Bad Bunny is calling out criticisms of his personal style that he characterizes as “sexist and homophobic.”
The Puerto Rican hitmaker, whose real name is Benito Antonio Martínez Ocasio, is on the cover of the October issue of Vanity Fair, and in the accompanying feature profile, he addresses accusations of “queerbaiting.”
But a same-sex kiss wasn’t the only LGBTQ moment at the VMAs this year.
An outspoken LGBTQ+ ally, Bad Bunny has condemned the 2020 murder of Alexa Negrón Luciano, a Puerto Rican trans woman, and performed in drag in the video for his 2020 single “Yo Perreo Sola.” He’s also hinted that his sexuality might be fluid, telling the Los Angeles Times in 2020, “At the end of the day, I don’t know if in 20 years I will like a man. One never knows in life. But at the moment I am heterosexual and I like women.”
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Earlier this year, GLAAD honored Bad Bunny with the organization’s Vanguard Awards at the 34th Annual GLAAD Media Awards. Out singer Ricky Martin has described him as “an icon for the Latin queer community.”
But the artist has also been dogged by accusations of queerbaiting, most recently following his performance at the 2022 MTV Video Music Awards, during which he kissed a male backup dancer. In recent years, the term has been applied to celebrities who imply that they might be queer in order to appeal to an LGBTQ+ audience, enjoying the benefits of queer culture and style while not facing the same discrimination that actual out performers do.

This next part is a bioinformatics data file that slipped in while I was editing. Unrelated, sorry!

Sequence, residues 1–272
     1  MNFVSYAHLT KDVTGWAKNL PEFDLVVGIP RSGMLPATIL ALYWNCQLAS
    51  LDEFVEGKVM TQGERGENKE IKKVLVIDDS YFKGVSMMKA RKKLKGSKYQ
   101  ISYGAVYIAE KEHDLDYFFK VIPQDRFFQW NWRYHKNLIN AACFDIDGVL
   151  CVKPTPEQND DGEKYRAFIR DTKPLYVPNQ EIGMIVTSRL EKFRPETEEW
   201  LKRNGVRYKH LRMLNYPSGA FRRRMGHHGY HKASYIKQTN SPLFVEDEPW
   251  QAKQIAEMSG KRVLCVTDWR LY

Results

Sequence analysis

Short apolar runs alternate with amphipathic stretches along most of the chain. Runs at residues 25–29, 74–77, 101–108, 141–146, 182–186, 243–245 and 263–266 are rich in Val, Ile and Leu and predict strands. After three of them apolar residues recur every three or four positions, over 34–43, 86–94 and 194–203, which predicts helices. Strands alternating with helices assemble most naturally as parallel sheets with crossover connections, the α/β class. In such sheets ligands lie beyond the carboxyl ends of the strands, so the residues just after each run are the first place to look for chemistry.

But as Bad Bunny tells Vanity Fair, he has also faced anti-LGBTQ+ hate.
“I get an endless number of negative comments and sexist and homophobic ones, without being homosexual, for dressing like that,” he says of his wardrobe. “Maybe the queer person suffers more, but it is not like I put on a skirt and go out and they say, ‘Look, how cool.’ They’re going to attack me with all their force anyway.”
Bad Bunny has spoken in the past about what Vanity Fair calls his “penchant for feminine fashion.”
“It depends on my state of mind,” he told GQ last year. “Everybody has to feel comfortable with what they are and how they feel. Like, what defines a man, what defines being masculine, what defines being feminine? I really can’t give clothes gender.”
He echoed those comments in the new Vanity Fair profile: “You don’t know the reasons why a person is wearing that. You weren’t in his mind when he decided to put on a skirt or a blouse. You don’t know what’s inside him, what’s in his heart,” he said. “You do it because you want to and it makes you feel good and it makes you feel happy.”